A study conducted by several institutions, including University of Waterloo, Perimeter Institute for Theoretical Physics, University of Southampton in UK or University of Salento in Italy came to a surprising result that may change the way in which we understood the Big Bang Theory. They found that the universe is a hologram.
Contrary to the expectations, the theory that states the universe is a hologram is not a new one. It was first proposed in 1990s, when a 2D holographic model of the universe was designed. This study can prove that the theory of quantum gravity and quantum mechanics are compatible.
Quantum gravity can be understood by understanding field theory in a lower dimension. In the end, holography just like Rosetta Stone. It can translate between several quantum fields without gravity. It can also explore the blurry domain that involves quantum gravity. Thus, creating a holographic model will enable the understanding of the relation between quantum gravity and the Big Bang Theory.
Kostas Skenderis, Professor of Mathematical Sciences at the University of Southampton, explained the assumption. The universe is just like the holographic code found on credit cards. It is generated from a two-dimensional field, but it is three-dimensional in nature. Therefore, he came to the conclusion that the entire universe was encoded.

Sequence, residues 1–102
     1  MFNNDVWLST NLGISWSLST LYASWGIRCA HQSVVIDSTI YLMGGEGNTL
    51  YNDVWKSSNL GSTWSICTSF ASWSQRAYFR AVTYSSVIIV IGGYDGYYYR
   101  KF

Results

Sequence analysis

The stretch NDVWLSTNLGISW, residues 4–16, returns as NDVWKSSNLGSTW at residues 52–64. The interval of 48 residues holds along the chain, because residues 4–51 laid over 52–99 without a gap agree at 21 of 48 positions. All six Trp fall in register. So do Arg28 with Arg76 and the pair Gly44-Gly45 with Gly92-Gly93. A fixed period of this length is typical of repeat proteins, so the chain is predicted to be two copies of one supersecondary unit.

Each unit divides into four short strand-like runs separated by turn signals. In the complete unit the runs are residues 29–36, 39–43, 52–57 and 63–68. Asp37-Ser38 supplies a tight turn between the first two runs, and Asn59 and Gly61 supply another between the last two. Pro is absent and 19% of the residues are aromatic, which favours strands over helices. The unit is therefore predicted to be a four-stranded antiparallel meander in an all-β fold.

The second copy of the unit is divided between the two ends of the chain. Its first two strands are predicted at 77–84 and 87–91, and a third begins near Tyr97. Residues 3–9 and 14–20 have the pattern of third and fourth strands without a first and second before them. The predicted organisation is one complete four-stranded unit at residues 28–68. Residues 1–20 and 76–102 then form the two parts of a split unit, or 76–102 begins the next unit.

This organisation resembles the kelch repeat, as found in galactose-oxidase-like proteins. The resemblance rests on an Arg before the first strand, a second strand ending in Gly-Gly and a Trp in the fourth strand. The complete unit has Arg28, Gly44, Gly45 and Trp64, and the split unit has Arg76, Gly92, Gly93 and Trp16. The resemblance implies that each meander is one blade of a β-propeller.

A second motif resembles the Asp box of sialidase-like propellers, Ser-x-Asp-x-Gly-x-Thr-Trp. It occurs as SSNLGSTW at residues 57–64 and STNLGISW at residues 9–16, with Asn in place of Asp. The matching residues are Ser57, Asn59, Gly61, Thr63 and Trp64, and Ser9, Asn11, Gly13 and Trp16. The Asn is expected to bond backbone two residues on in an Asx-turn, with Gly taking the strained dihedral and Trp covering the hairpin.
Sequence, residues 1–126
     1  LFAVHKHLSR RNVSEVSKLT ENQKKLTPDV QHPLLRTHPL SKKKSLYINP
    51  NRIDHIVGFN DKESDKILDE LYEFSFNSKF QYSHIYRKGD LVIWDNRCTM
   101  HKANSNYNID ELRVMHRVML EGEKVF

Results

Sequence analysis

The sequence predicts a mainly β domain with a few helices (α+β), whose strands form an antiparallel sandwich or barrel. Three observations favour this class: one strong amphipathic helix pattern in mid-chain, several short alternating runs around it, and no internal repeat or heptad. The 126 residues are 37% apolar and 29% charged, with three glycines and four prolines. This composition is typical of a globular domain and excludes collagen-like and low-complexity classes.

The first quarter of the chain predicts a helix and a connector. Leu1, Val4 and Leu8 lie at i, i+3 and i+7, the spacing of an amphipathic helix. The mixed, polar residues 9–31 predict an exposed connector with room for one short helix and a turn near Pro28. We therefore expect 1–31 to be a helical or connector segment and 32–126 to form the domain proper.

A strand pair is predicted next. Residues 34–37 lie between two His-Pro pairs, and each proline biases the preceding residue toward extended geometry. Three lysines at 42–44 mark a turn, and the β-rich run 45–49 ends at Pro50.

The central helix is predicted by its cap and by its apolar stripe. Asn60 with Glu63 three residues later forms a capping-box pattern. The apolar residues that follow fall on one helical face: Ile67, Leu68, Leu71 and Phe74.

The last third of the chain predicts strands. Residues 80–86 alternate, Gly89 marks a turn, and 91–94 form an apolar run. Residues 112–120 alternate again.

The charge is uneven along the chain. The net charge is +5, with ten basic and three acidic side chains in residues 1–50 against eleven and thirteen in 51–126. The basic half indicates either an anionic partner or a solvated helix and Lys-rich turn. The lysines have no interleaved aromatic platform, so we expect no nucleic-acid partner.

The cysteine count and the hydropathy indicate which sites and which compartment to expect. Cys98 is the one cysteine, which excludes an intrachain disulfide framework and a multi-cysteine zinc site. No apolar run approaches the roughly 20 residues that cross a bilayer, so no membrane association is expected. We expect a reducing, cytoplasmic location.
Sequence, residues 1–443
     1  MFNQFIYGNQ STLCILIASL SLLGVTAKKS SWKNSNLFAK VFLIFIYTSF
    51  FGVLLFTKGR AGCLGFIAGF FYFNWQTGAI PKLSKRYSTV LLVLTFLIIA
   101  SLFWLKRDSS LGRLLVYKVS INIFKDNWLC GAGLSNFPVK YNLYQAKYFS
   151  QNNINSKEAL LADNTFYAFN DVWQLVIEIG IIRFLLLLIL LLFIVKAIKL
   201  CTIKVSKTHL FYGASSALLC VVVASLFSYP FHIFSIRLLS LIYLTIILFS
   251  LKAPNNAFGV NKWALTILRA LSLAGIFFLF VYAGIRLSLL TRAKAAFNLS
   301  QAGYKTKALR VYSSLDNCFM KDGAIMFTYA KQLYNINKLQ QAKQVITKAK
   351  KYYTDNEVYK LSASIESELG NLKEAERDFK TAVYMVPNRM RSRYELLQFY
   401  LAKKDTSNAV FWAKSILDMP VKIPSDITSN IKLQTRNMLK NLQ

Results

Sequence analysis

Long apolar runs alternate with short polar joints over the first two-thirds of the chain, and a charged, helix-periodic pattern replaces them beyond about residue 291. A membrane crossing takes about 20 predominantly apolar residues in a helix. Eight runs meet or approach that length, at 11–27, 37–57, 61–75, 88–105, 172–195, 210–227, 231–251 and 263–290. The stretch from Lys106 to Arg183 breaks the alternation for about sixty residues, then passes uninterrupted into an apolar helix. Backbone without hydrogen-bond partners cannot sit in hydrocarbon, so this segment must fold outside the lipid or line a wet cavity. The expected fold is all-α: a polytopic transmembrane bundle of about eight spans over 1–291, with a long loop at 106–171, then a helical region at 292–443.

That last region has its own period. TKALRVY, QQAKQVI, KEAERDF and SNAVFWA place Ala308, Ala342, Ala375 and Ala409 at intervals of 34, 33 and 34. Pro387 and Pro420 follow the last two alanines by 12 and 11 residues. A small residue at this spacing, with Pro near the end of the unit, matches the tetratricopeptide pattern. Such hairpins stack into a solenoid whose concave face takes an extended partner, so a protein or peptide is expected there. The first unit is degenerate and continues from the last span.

The same tools that were used to spot the white noise or microwaves helped in the study, and that is telescopes. Also, the data features in quantum and field theory were compared.
Then, scientists found out that the result can be used to explain every main cosmological event that occurred since the creation of the universe. Thus, they are optimistic that they can use these results to provide a better explanation of the Big Bang Theory.
And this is far from finished. By bringing together the gravity and quantum theory, they can now explain the concepts of time and space.
However, they are quite far away from the optimal explanation. They need to gather and update all the data and put them in the proper order. Yet we are only a few years away from the most comprehensive understanding of the universe that we have ever had.
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